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CFD Inside – Finite Volume Method
Applied CFD
Santiago Laín Beatove
Adapted from material of A. Bakker “Applied CFD” & An Introduction to CFD
of S. Laín
2
Overview of numerical methods
• Many CFD techniques exist.
• The most common in commercially available CFD programs are:
– The finite volume method has the broadest applicability (~80%).
– Finite element (~15%).
• Here we will focus on the finite volume method.
• There are certainly many other approaches (5%), including:
– Finite difference.
– Finite element.
– Spectral methods.
– Boundary element.
– Vorticity based methods.
– Lattice gas/lattice Boltzmann.
– And more!
3
Finite difference method (FDM)
• Historically, the oldest of the three.
• Techniques published as early as 1910 by L. F. Richardson.
• Seminal paper by Courant, Fredrichson and Lewy (1928) derived
stability criteria for explicit time stepping.
• First ever numerical solution: flow over a circular cylinder by
Thom (1933).
• Scientific American article by Harlow and Fromm (1965) clearly
and publicly expresses the idea of “computer experiments” for the
first time and CFD is born!!
• Advantage: easy to implement.
• Disadvantages: restricted to simple grids and does not conserve
momentum, energy, and mass on coarse grids.
4
• The domain is discretized into a series of grid points.
• A “structured” (ijk) mesh is required.
• The governing equations (in differential form) are discretized
(converted to algebraic form).
• First and second derivatives are approximated by truncated
Taylor series expansions.
• The resulting set of linear algebraic equations is solved either
iteratively or simultaneously.
i
j
i
j
Finite difference: basic methodology
5
coextrusion
metal insert
contours of velocity magnitude
• Earliest use was by Courant (1943) for solving a torsion problem.
• Clough (1960) gave the method its name.
• Method was refined greatly in the 60’s and 70’s, mostly for
analyzing structural mechanics problem.
• FEM analysis of fluid flow was developed in the mid to late 70’s.
• Advantages: highest accuracy on coarse grids. Excellent for
diffusion dominated problems (viscous flow) and viscous, free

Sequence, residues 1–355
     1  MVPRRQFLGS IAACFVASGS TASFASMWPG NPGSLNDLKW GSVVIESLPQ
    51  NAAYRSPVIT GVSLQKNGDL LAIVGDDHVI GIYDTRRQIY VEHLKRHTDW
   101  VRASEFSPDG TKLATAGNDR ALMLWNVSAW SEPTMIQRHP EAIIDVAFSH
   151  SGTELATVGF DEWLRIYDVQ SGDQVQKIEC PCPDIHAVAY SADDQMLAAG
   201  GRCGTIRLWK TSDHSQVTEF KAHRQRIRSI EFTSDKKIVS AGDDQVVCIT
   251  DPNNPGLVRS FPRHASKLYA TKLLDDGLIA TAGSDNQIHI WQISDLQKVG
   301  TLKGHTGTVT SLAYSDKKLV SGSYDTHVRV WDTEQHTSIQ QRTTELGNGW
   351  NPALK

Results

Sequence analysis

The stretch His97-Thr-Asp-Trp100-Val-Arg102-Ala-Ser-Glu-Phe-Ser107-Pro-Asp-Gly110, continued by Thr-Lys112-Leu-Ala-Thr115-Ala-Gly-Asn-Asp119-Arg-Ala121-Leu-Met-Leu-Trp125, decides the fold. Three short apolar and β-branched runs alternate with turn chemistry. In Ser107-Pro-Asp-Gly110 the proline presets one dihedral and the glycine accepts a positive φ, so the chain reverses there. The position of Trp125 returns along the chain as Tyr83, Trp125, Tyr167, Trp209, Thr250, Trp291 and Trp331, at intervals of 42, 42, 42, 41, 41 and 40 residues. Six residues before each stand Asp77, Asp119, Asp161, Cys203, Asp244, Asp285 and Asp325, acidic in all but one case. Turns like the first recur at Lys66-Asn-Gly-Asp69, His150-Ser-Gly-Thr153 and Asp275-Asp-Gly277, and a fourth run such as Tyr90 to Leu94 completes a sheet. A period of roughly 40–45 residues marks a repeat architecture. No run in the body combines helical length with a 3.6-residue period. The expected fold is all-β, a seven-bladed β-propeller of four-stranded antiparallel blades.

surface problems.
• Disadvantages: slow for large problems
and not well suited for turbulent flow.
Finite element method (FEM)
6
• First welldocumented use was by Evans and Harlow (1957) at Los
Alamos and Gentry, Martin and Daley (1966).
• Was attractive because while variables may not be continuously
differentiable across shocks and other discontinuities mass, momentum
and energy are always conserved.
• FVM enjoys an advantage in memory use and speed for very large
problems, higher speed flows, turbulent flows, and source term
dominated flows (like combustion).
• Late 70’s, early 80’s saw development of bodyfitted grids. By early 90’s,
unstructured grid methods had appeared.
• Advantages: basic FV control volume balance does not limit cell shape;
mass, momentum, energy conserved even on coarse grids; efficient,
iterative solvers well developed.
• Disadvantages: false diffusion when simple numerics are used.
Finite volume method (FVM)
7
• Divide the domain into control volumes.
• Integrate the differential equation over the control volume and
apply the divergence theorem.
• To evaluate derivative terms, values at the control volume faces
are needed: have to make an assumption about how the value
varies.
• Result is a set of linear algebraic equations: one for each control
volume.
• Solve iteratively or simultaneously.
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Finite volume: basic methodology
8
Control volume
Computational node
Boundary node
Cells and nodes
• Using finite volume method, the solution domain is subdivided
into a finite number of small control volumes (cells) by a grid.
• The grid defines the boundaries of the control volumes while the
computational node lies at the center of the control volume.
• The advantage of FVM is that the integral conservation is
satisfied exactly over the control volume.
9
• The net flux through the control volume boundary is the sum of
integrals over the four control volume faces (six in 3D). The
control volumes do not overlap.
• The value of the integrand is not available at the control volume
faces and is determined by interpolation.
Typical control volume
P
E
W
N
S
SW SE
NE NW
j,y,v
i,x,u
n
e
s
w
∆x
∆y
δx
w
δx
e
δy
n
δy
s
10
Discretization example
• To illustrate how the conservation equations used in CFD can be
discretized we will look at an example involving the transport of a
chemical species in a flow field.
• The species transport equation (constant density, incompressible
flow) is given by: